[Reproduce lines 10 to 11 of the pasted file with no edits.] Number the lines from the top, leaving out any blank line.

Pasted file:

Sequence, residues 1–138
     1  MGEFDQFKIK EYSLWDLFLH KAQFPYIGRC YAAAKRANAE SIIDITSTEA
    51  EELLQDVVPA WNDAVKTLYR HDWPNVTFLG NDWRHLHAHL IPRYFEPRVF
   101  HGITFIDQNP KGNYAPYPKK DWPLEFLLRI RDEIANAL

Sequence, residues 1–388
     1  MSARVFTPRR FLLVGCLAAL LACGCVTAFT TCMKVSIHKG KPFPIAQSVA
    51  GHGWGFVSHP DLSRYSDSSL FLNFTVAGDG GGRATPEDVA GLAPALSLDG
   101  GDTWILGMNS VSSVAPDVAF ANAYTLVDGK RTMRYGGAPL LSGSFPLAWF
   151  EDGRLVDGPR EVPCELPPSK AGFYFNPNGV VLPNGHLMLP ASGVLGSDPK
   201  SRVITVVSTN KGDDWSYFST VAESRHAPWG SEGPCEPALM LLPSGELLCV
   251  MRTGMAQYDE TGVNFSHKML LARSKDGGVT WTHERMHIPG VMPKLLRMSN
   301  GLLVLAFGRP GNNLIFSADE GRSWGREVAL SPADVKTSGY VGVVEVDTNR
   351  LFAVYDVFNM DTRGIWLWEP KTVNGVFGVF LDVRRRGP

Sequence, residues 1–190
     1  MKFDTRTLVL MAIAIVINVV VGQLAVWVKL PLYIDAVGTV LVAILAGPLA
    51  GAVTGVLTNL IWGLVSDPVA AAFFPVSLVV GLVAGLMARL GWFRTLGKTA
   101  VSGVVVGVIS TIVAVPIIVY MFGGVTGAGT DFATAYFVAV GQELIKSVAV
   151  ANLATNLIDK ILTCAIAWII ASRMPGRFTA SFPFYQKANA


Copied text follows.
   201  SRVITVVSTN KGDDWSYFST VAESRHAPWG SEGPCEPALM LLPSGELLCV
   251  MRTGMAQYDE TGVNFSHKML LARSKDGGVT WTHERMHIPG VMPKLLRMSN